Personal information on minors as part of beneficial ownership disclosure

In many jurisdictions, data that conveys sensitive personal information or information about minors is accorded additional protections under the law. Jurisdictions have taken different approaches to whether beneficial ownership can be held by minors. In South Africa, a person under the age of seven years does not have the capacity to enter into a legal contract, meaning, they would not, on the face of it, be able to be a beneficial owner. However, all minors should have parental or guardian approval in order to enter legal contracts, [53] meaning that in these circumstances, arguably, a child between the ages of 7-17 could be a beneficial owner, but the parents or legal guardian are ultimately exercising control until the minor reaches the age of majority.

Box 2. Treatment of minors in beneficial ownership disclosure

In the United States, proposed legislation “provides a special rule for reporting the information of a parent or guardian in lieu of information about a minor child”, including a requirement to declare “that such information relates to the parent or legal guardian”. [54] In AMLD4, cases “where the beneficial owner is a minor or otherwise incapable” are treated along with cases where the beneficial owner is exposed “to the risk of fraud, kidnapping, blackmail, violence or intimidation” as grounds for exemption under a protection regime, allowing member states to “provide for an exemption from [access by parties beyond specific authorities] to all or part of the information on the beneficial ownership on a case-by-case basis”. [55] The risk with the EU approach could be that placing the ownership in the name of a child may become an attractive avenue to shield information from the public, although the authorities would still have access to this data.

The South African Information Regulator issued the Guidance Note on Processing of Personal Information of Children [56] (under the age of 18) to guide responsible parties who are required to obtain authorisation from the Information Regulator to process personal information of children, as provided for in Section 35(2) of POPIA. The guidance note makes clear that a responsible party may obtain authorisation to process the personal information of children in terms of Section 35(2) when such processing is in the public interest. POPIA does not define what constitutes public interest in relation to the processing of personal information of children, but it states that public interest is wide in its scope and application, and it generally refers to an action, process, or outcome that would benefit the public at large, in the spirit of equality and justice. [57]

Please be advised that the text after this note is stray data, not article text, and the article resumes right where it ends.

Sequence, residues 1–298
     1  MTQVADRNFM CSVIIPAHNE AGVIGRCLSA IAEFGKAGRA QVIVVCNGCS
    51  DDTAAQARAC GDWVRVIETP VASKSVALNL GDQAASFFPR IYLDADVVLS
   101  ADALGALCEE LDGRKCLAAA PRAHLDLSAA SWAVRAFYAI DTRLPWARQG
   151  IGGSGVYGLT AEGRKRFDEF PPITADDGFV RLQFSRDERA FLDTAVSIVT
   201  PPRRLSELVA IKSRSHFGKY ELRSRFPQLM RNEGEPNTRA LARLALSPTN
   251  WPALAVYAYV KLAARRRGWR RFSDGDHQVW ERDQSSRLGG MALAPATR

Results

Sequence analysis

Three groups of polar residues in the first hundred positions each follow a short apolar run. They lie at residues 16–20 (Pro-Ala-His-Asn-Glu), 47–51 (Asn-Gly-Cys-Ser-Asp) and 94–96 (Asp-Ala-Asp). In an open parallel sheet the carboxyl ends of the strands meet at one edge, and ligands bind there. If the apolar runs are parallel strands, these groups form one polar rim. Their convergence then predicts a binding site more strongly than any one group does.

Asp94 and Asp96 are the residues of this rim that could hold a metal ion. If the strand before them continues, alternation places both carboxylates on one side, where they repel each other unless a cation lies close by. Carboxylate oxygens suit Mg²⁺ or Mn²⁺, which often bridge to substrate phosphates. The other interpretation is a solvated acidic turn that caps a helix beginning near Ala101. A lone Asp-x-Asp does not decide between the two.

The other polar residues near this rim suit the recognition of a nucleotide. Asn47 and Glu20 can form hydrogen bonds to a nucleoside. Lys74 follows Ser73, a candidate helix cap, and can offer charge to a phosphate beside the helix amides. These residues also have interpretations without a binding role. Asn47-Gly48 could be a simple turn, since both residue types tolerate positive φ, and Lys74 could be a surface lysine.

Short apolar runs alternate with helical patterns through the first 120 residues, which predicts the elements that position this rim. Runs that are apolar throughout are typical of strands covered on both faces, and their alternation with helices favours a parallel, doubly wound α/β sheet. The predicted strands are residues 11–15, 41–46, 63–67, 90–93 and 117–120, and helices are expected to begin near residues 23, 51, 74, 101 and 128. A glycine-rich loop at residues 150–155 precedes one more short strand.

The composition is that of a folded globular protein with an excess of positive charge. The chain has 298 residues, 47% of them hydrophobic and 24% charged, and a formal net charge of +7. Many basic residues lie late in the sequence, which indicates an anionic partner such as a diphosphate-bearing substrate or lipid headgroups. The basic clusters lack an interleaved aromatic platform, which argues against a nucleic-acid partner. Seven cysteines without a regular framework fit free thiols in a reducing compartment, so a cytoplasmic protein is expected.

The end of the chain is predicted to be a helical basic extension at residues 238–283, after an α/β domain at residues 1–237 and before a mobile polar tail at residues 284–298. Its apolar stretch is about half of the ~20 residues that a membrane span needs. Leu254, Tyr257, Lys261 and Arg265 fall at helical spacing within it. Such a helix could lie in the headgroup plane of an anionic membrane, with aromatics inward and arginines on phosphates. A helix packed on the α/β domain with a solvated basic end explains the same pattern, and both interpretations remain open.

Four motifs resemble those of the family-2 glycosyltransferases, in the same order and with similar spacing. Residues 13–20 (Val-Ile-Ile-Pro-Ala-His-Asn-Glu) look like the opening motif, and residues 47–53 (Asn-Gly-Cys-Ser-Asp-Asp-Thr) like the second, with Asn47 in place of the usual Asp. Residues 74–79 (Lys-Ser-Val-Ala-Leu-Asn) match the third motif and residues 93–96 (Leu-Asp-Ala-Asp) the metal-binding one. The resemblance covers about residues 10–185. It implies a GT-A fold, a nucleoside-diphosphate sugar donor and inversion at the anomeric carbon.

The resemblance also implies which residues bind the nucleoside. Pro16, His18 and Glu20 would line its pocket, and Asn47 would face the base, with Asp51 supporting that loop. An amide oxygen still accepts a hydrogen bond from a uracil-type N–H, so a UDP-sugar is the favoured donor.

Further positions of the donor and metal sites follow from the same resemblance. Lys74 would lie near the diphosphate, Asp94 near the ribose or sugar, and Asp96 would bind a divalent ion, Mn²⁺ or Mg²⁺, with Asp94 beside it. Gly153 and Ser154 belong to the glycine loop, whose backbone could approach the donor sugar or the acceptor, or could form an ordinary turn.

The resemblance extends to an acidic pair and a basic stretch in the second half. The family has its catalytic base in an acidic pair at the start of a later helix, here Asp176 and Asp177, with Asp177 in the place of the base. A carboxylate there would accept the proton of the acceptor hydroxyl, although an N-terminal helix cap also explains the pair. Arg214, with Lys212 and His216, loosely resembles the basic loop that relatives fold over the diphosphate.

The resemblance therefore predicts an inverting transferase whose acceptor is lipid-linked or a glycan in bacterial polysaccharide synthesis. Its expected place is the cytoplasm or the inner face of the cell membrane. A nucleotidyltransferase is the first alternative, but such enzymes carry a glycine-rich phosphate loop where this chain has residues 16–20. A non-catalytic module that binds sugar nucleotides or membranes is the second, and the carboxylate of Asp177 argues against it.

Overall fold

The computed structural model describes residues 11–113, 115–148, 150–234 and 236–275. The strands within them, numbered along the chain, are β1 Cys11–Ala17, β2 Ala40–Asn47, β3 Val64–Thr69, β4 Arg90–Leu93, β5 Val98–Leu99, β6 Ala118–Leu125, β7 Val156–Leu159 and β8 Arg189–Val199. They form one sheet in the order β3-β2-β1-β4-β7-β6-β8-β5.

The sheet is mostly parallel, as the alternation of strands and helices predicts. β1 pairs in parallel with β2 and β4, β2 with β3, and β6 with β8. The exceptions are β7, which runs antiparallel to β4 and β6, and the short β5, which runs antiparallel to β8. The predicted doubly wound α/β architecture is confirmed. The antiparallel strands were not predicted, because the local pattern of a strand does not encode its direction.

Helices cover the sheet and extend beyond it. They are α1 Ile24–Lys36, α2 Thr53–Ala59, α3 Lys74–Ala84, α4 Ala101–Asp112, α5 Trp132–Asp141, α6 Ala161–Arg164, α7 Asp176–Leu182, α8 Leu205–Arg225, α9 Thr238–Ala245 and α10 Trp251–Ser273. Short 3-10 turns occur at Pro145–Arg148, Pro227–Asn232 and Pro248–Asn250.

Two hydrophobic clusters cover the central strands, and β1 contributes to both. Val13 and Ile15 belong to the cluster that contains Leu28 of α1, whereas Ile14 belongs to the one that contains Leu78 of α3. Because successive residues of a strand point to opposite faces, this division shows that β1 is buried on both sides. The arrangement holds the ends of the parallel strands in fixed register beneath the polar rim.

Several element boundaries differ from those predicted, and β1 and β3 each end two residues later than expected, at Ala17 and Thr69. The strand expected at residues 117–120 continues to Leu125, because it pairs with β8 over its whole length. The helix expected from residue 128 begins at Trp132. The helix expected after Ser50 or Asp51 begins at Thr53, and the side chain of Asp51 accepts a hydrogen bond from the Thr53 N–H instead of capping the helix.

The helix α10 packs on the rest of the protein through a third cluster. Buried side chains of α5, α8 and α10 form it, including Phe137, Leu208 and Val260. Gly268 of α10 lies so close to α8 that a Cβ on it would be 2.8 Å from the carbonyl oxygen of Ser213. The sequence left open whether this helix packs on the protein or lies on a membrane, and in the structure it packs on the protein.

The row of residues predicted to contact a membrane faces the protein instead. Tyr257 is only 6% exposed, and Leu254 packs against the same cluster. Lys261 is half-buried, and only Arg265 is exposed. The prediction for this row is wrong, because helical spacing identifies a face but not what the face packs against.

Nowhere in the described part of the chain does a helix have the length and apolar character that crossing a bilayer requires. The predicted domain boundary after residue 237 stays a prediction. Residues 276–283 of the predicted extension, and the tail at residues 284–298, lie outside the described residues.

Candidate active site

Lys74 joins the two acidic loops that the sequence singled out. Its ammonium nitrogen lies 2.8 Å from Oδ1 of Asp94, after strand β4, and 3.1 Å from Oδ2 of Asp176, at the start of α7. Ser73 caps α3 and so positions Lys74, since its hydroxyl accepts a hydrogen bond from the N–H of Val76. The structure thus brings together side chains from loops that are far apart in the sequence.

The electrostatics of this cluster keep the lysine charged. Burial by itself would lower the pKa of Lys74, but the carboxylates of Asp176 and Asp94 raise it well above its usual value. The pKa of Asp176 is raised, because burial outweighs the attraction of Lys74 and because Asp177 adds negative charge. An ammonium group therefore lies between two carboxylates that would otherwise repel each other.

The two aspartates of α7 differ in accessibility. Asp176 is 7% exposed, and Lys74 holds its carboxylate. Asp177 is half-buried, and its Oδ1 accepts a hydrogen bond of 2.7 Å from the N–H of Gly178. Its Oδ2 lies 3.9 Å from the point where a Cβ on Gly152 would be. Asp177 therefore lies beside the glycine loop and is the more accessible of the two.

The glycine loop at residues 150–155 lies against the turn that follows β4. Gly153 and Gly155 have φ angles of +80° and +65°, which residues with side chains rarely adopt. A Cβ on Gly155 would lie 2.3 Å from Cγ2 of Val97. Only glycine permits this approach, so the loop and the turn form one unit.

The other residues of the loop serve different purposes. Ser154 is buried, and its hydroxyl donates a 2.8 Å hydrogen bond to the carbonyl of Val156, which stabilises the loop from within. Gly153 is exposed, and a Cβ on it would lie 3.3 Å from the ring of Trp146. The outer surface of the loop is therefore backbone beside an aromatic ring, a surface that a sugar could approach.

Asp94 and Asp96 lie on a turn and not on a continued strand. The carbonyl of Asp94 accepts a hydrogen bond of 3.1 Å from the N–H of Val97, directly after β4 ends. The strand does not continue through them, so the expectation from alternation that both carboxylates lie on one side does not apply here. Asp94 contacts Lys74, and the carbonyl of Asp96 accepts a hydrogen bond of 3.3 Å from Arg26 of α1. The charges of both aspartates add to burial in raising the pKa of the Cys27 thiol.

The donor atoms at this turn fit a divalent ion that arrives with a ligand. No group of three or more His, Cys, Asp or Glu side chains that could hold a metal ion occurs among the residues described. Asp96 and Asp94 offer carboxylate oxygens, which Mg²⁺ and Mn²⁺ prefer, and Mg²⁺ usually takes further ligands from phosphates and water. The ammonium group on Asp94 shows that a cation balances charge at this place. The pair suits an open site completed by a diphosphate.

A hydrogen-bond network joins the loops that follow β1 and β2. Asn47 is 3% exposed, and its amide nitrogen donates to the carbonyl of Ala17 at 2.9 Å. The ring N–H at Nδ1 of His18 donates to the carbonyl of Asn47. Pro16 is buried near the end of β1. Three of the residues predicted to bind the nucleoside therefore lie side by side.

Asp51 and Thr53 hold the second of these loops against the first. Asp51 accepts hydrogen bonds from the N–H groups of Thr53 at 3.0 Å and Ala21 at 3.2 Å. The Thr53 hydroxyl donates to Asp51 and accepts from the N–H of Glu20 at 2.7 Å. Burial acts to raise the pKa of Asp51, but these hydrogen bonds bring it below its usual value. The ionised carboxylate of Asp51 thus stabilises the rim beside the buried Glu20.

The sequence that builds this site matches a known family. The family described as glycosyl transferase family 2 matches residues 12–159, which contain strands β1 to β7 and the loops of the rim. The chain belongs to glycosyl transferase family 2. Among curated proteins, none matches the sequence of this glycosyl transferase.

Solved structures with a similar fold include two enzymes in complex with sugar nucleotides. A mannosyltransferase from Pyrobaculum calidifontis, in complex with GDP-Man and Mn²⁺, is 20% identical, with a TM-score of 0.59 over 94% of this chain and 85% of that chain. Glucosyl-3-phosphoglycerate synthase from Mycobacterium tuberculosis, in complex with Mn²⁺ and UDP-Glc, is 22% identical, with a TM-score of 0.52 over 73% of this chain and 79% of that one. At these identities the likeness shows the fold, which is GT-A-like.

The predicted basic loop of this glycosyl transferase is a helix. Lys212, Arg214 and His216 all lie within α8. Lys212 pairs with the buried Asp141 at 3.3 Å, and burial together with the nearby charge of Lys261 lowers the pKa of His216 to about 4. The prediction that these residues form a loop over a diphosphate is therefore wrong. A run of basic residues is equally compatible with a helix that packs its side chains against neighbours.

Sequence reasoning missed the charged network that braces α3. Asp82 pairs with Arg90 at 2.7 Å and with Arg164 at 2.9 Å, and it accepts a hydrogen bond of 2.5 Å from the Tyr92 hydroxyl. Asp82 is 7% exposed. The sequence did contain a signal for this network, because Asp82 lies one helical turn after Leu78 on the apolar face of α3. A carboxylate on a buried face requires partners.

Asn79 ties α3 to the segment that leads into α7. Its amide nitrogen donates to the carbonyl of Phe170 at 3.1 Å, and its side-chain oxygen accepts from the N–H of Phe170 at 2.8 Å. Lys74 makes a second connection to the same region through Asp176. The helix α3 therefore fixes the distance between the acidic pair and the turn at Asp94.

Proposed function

Furthermore, appropriate safeguards need to be put in place to protect the personal information of the child in question. To secure the integrity and confidentiality of personal information, the responsible party would need to take appropriate, reasonable technical and organisational measures to prevent loss of, damage to, or unauthorised destruction of personal information and unlawful access to or processing of personal information. The guidance note provides guidance on what would constitute appropriate safeguards, and that the responsible party should:

  • identify all reasonably foreseeable internal and external risks to personal information in its possession or under its control;
  • establish and maintain appropriate safeguards against the risks identified;
  • regularly verify that the safeguards are effectively implemented; and
  • ensure that the safeguards are continually updated in response to new risks or deficiencies in previously implemented safeguards.

When considering the publication of BO information and BO registers, it is imperative that the guidance on the processing of personal information of children is considered and the appropriate authorisation is obtained from the Information Regulator. The Information Regulator may impose reasonable conditions in respect of any authorisation granted, which will be decided on a case-by-case basis. [58] This would ensure that the interests of children are protected and financial transparency is achieved in the public interest.

Gender information in beneficial ownership data

“Gender data” has been defined by the Information Regulator as data disaggregated by sex as well as data that affects women and girls exclusively or primarily. [59] Information about a person’s sex is relevant to their right to privacy and constitutes personal information as defined in Section 1 of POPIA. Notwithstanding, gender data, particularly as it refers to women, the LGBTQI+ community, and other marginalised communities requires extra consideration and protection because of the intersectional inequalities and challenges that these groups face.